EU leaders gathered in Brussels on Thursday, under pressure to deliver progress in a long-running debate on migration, after German Chancellor Angela Merkel warned that the issue could determine the future of the bloc.
The two-day summit may prove to be pivotal for the European Union, as continued discord about migration threatens to further entrench already deep fault lines and endanger EU unity at a time of increased tension from Russia and fraying relations with the United States.
“Europe has many challenges, but the migration issue could become a question of the fate of the EU,” Merkel told German lawmakers before departing for Brussels.
The issue could also prove decisive for Merkel, who has been handed an end-of-June ultimatum by her interior minister, Horst Seehofer, to reduce the number of asylum seekers entering Germany or risk a government split that could end her four-term reign.
She pledged before the Bundestag to improve Germany’s handling of “secondary migration” – the arrival of asylum seekers already registered in other EU countries – and called on “a coalition of willing countries” to come up with joint solutions.
But not all were happy for EU migration policy to be taken hostage by internal German politics.
“It cannot be that some Bavarian party decides how Europe works,” Luxembourg Prime Minister Xavier Bettel said, referring to Seehofer’s Christian Social Union, the regional sister party of Merkel’s Christian Democrats.
Merkel could also face resistance from countries that do not want to share the burden of hosting migrants.
Speaking at the start of the summit, Hungarian Prime Minister Viktor Orban said European citizens want two things: to stop the flow of migrants and return those who are already in the bloc.
“In order to restore European democracy, we have to move to that direction,” he said. “I hope that will happen today.”
A new government in Italy is also adding to the political pressure: it stirred renewed debate about burden-sharing after blocking port entry to two rescue boats carrying migrants in the past two weeks, while also calling for a radical change to EU migration policy.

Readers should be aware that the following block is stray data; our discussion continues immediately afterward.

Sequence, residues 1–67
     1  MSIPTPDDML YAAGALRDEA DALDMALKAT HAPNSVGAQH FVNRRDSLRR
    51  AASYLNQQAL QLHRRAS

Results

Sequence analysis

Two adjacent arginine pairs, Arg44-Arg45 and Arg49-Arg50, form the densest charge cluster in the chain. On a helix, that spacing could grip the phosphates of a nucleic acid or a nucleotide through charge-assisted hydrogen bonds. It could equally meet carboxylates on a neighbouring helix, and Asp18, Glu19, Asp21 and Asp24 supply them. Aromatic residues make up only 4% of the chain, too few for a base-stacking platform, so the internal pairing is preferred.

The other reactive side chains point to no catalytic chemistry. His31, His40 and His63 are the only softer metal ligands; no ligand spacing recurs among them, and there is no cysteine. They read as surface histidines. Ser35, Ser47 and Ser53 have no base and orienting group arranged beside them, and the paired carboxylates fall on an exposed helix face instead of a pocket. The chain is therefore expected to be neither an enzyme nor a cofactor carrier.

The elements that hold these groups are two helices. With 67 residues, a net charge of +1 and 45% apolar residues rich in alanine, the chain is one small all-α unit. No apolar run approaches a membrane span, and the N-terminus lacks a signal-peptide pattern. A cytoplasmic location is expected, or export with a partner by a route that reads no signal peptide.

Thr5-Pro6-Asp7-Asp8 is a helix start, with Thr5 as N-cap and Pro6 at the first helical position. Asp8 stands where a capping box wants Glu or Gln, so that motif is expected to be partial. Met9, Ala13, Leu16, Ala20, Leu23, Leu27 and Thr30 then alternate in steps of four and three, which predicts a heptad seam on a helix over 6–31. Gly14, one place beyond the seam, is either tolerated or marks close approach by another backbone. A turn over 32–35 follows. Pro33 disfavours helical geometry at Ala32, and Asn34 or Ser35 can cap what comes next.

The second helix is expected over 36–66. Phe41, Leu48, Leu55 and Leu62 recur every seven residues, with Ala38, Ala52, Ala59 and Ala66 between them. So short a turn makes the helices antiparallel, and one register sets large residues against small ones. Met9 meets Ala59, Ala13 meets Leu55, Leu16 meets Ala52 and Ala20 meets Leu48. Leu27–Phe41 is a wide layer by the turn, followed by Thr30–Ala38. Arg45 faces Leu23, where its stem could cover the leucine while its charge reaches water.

Over the years, Italy has heard “many manifestations of solidarity,” Prime Minister Giuseppe Conte said. “Italy no longer needs verbal signs of declaration, but needs concrete facts,” he added, warning that he was ready to scupper joint summit conclusions if necessary.
European Council President Donald Tusk said the EU should focus on securing its external borders, including a controversial new idea to establish “disembarkation platforms” outside the bloc to deter people from trying to reach Europe.
“The alternative to this solution would be a chaotically advancing closure of borders – also within the EU – as well as growing conflict among EU member states,” he said.
Tusk said his proposals might seem “too tough,” but repeated his warning that the EU risks losing out to radical forces. “If we don’t agree on them, then you will see some really tough proposals from some really tough guys,” he said.
There are few details on the concept of disembarkation platforms, which would most likely be set up in Northern Africa. EU officials insist these would run in cooperation with the International Office for Migration (IOM) and the UN refugee agency, UNHCR.
European Commission President Jean-Claude Juncker cautioned against jumping to conclusions without speaking to the countries affected.
“We here in Brussels cannot make decisions for North African countries,” he said, warning against creating the impression of “neocolonialism.”
Meanwhile, EU foreign policy chief Federica Mogherini said there was no need to get into a panic over migration.
“Many are talking about a crisis. We’re talking about numbers that at the moment are more or less 80 per cent less than … last year. So we’re talking about numbers that are perfectly manageable,” Mogherini said.